how you can be involved


Most of all I would really appreciate your prayers. Please feel free to download the IFES regional prayer sheet for Francophone Africa (PDF), which I trust will help focus your prayers for this region. In particular, please pray:

  • for safety in travel for the many participants travelling across large distances;
  • that participants will grow in their desire to serve their fellow students on campus;
  • for my final preparations in the busy weeks before Christmas;
  • that my French refresher lessons will enable me to make the most of this fantastic opportunity;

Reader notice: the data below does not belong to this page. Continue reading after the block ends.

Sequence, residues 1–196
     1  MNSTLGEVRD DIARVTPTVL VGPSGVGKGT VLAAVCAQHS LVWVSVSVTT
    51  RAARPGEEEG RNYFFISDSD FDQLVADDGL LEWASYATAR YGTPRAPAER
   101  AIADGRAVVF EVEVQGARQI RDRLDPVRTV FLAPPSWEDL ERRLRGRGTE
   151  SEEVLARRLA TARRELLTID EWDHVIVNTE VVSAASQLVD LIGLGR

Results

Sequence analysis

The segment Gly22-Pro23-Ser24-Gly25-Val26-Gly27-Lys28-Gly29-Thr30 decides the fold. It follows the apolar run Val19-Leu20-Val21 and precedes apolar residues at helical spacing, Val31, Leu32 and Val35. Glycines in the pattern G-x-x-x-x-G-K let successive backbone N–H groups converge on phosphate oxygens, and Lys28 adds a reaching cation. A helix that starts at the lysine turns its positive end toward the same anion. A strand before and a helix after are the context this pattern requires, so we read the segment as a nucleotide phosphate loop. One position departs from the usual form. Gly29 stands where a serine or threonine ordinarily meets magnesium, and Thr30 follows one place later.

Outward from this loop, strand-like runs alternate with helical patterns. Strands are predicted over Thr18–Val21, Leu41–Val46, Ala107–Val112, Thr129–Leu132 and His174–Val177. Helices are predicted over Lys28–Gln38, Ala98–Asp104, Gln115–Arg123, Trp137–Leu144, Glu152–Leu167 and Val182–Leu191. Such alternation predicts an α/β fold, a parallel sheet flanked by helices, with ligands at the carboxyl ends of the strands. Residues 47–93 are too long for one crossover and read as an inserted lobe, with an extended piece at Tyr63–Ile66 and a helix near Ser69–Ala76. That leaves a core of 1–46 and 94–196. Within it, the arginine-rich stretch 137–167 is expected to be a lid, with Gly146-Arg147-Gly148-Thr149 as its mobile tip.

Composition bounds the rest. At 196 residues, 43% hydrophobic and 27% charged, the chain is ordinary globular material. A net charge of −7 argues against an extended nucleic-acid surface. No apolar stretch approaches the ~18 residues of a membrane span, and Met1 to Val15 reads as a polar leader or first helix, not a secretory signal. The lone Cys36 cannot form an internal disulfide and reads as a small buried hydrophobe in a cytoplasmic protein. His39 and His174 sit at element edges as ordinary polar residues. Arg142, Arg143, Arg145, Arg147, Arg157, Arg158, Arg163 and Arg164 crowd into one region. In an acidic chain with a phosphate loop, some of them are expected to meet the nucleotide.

• that the experience gained from this trip will prove beneficial in the coming months.


The cost of my attending the conference (including travel) will be in the region of £1,000 – £1,500. Any gifts towards these costs would be very much appreciated. Gifts can be made online by visiting or by sending a cheque to IFES, 321 Banbury Road, Oxford OX2 7JZ. Please make cheques payable to ‘IFES’ and mark them for ‘Rwanda Missions Conference / Andy Moore’. In the event that gifts exceed these costs, the surplus will be used to support student ministry more generally in Francophone Africa.